Case 2

The patient is a 66-year-old male with hypertension, hypercholesterolemia and depression who presented after sudden onset of severe headache, vertigo, diplopia, diaphoresis, photophobia and blurred vision. Headache was described as a sharp pain radiating from the back of the head; severe vertigo led to persistent nausea with emesis. Symptoms were exacerbated by change in position and improved in supine positioning with eyes closed. He denied jaw claudication, scalp tenderness or myalgias. Neurologic exam was remarkable for horizontal nystagmus in both right and left gaze, up-beat nystagmus in up-gaze and mild gait ataxia. Motor and sensory exam was normal. Labs were unremarkable outside of leukocytosis to 18. Non-contrast CT scan of the head was unremarkable. MRI brain revealed diffusion-weighted changes in the mid-pons (Figure 1B). Pontine stroke was initially thought to be secondary to small vessel disease. Pharmacological management of vertigo with diphenhydramine, lorazepam, ondansetron and meclizine were attempted, yet unsuccessful. Transthoracic echocardiogram demonstrated mild left ventricular hypertrophy, but no other significant abnormalities and cardiac telemetry monitoring was negative for arrhythmia.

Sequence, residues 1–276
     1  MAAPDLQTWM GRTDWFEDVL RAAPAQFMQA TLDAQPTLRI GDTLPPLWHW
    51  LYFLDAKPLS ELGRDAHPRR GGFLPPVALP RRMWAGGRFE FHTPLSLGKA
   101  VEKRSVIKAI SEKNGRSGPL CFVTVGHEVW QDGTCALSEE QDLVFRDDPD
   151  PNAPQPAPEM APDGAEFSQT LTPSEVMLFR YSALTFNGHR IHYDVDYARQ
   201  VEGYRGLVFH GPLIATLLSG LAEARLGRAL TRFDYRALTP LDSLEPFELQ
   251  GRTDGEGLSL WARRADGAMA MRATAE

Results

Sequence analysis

Biomedical Science &, Research

Figure 1A:MRI imaging of patient 1, showing evidence of acute infarct in the left posterior parietal lobe on DWI and ADC sequences.

Biomedical Science &, Research

Figure 1B:MRI imaging of patient 2, showing DWI and corresponding ADC abnormality in the mid pons, representing acute infarct.

Patient had intermittent dizziness and severe headaches throughout admission, which continued after discharge. He denied jaw claudication or scalp tenderness. There were no new neurologic symptoms, however persistent headaches without explanation were concerning. ESR was obtained to rule out temporal arteritis and found to be normal on two separate occasions. CT angiogram of the head and neck was obtained to rule out vertebral dissection as an etiology of headache but was negative for evidence of dissection. Due to continued headaches, temporal artery biopsy was obtained to definitively rule out temporal arteritis. Biopsy ultimately showed evidence of GCA despite normal ESR. Patient was then started on oral prednisone 60 mg daily, which prompted immediate resolution of headache symptoms.